Von Hertzen Brothers - War Is Over

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Musical Theories Recordings
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Finland's Von Hertzen Brothers are a band that for a while looked to be the next big thing in prog. Around the time of the 2011 High Voltage Festival in London, where they opened the Prog Stage, there was quite a bit of excitement. Their current album at the time, Stars Aligned, was a very accessible piece with lots of hints and references to bands like early Queen and Rush when it came to some of the arrangements.

On their last album, New Day Rising, they seemed to go for a more straightforward approach. The good news for those who crave the more progressive leanings is War Is Over makes a real return to that style. It is easy on the ear at times, not all the songs are long, but throughout there are beautifully executed time changes, and well-crafted melodies along with superb harmonies. There are moments of heaviness at appropriate times, and the themes of the album, looking for peace, questioning why we hate and when things go wrong always blame others due to colour, culture or race, work within both the words and music. The music certainly fits nicely along the lyrics all the way through.

This time around, the influences which most came to mind were, amongst others, Yes, King Crimson, Spock's Beard, Pain of Salvation in the way that they use a "theme" and explore it, and U2, at least on one track. None of the major influences swamp the album, as all of the songs sound like the band themselves, but they highlight that the band are reaching into their prog roots more than last time out.

The two longer songs are the first and last tracks. Both make use of a constant theme or melody line, and like an orchestral piece, are explored between louder and quieter parts and various instruments doing fills within it. Opener War Is Over starts with sound effects, hunting through radio stations, some Morse code and small bursts of the theme or melody until about three to four minutes into the track when the band properly kick in. Drummer Sami Kuoppamaki is magnificent on this (and throughout) and having worked with Apocalyptica, before has a grounding in more classical sounding music. There are hints of mystical music from the East, and according to the press release Mikko von Hertzen (vocalist, guitarist) wrote his lyrics in India where he stayed for a number of years. This comes more to the fore on the second song To The End of The World where he wrote the melody and music in an Indian scale. Strangely this second track is the most like Yes, but then again it shouldn't surprise, as singer Jon Anderson is reasonably well known for his love of world music and philosophies, and has put it into his music for many years. The riffs sound dirty and fuzzy and the vocals clear and sweet - between the chorus and the verses there is also that difference. It may be only five minutes long, but it packs a punch. Live this should be barnstorming.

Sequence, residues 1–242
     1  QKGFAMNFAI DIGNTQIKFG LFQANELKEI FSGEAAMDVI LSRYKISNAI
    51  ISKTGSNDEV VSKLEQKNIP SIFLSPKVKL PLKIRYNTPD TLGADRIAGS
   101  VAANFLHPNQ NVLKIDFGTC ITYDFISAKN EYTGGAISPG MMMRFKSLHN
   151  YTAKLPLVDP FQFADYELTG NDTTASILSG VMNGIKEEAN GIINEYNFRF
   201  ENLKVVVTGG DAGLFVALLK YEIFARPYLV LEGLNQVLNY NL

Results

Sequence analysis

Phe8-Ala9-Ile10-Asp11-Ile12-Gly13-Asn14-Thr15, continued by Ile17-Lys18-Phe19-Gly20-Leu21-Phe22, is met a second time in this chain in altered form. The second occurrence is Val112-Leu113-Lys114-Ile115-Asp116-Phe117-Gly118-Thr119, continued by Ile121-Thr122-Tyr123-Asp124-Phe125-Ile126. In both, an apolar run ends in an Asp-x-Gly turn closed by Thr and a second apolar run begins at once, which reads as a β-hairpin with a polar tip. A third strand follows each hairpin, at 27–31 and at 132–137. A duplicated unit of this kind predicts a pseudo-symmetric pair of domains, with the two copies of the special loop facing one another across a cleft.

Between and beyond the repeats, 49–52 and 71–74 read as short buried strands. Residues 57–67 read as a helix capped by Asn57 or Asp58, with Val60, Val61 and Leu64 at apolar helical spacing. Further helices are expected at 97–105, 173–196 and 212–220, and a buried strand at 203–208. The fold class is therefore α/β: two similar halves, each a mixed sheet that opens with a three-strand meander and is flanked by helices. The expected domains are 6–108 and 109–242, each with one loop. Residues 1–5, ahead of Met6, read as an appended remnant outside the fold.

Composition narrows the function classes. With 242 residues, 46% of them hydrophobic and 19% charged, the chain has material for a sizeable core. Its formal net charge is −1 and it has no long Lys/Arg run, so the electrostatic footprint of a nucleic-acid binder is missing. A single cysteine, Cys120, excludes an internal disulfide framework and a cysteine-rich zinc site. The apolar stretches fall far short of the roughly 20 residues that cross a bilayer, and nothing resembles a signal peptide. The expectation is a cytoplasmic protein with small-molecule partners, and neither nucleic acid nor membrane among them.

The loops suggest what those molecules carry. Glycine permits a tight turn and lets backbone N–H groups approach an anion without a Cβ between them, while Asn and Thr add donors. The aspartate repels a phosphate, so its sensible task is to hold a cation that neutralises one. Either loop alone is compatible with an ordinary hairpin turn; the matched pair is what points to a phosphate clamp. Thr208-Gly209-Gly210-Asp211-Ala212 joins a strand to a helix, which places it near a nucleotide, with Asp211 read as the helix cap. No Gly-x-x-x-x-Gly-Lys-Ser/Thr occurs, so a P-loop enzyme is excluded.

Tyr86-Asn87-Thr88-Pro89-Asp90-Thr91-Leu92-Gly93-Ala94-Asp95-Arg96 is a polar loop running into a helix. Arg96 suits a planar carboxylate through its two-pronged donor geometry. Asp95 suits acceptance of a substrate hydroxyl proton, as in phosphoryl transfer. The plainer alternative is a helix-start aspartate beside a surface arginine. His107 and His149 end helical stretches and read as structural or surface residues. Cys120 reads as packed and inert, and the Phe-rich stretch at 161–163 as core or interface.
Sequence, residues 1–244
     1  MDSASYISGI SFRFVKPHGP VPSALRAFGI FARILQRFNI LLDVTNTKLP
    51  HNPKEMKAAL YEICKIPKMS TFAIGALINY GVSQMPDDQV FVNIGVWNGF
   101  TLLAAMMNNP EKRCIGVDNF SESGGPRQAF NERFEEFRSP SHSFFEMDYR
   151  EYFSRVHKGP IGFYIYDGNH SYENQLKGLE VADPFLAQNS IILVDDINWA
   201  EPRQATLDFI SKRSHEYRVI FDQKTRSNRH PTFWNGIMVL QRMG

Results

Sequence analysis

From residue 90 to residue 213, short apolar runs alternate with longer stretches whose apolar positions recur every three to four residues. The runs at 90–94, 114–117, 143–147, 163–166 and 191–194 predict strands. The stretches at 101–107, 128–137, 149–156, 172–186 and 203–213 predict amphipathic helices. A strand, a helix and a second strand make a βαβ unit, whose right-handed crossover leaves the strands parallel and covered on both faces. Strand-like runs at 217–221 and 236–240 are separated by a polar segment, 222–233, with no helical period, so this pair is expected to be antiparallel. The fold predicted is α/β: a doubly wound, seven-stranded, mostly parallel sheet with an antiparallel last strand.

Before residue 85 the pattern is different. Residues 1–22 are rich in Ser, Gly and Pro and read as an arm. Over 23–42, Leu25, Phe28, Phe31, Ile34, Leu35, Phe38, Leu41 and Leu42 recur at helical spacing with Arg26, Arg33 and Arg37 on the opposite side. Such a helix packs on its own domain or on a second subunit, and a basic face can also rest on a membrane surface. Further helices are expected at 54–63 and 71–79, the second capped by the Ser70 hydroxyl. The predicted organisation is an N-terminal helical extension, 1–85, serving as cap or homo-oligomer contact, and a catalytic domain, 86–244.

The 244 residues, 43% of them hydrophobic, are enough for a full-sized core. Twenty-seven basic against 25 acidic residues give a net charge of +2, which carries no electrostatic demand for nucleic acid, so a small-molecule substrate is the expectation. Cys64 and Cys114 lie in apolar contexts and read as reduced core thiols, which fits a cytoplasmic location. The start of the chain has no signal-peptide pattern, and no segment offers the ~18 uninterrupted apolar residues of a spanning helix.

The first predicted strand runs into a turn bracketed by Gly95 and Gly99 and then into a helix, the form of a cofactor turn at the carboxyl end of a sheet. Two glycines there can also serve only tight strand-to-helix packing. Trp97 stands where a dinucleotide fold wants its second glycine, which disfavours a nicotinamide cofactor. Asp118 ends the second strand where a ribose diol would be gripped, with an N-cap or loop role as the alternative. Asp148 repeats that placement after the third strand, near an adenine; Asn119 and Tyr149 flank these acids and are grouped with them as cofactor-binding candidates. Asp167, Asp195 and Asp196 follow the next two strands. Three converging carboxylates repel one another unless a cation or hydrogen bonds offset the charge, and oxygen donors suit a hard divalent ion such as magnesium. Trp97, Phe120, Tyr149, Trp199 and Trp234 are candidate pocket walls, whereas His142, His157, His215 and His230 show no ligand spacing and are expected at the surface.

Blindsight is another track with a dirty fuzzy bass sound which is to the fore quite a bit of the time, with moments that have that POS and Orphaned Land feel. The way that Mikko has such a variety of vocal styles, along with the unity of his brothers on backing vocals (including Kie guitars and Jonne bass) elevate the songs throughout.

There are some more mellow songs with Who Are You and Wanderlust being the pick of them. The former is quite symphonic, but the strings are more interestingly used than many bands who end up swamping whole songs or albums with it. The whole thing sounds sumptuous and the production is terrific (the whole album is beautifully produced with each brother overseeing different tracks each). The latter is very melancholy and simple. A note back to a lover who wants to stay home, have children and set roots down from their partner who cannot stay in one place. They are "born to travel". Not sure how the track actually fits in with the theme but it is a very nice song worthy of inclusion.

The last track Beyond The Storm is the second longest song and is an excellent ending. With military marching beats of the drums surrounding the melody or main theme and at times quite haunting especially vocally at points, building up constantly, this is an utterly captivating piece. There is a Celtic feel at times especially around the guitar solo (imagine a cross between Coming Home by Mark Knopfler and something by Big Country), and as a piece of music this could be used very effectively as a movie soundtrack. Without a doubt this is the best album they have recorded in a few years and has much to savour.

Tracklist: War Is Over / To The End of The World / The Arsonist / Jerusalem / Frozen Butterflies / Who Are You / Blindsight / Long Lost Sailor / Wanderlust / Beyond The Storm

Written by Tom Cornell
More: 2017, Albums, Progressive,

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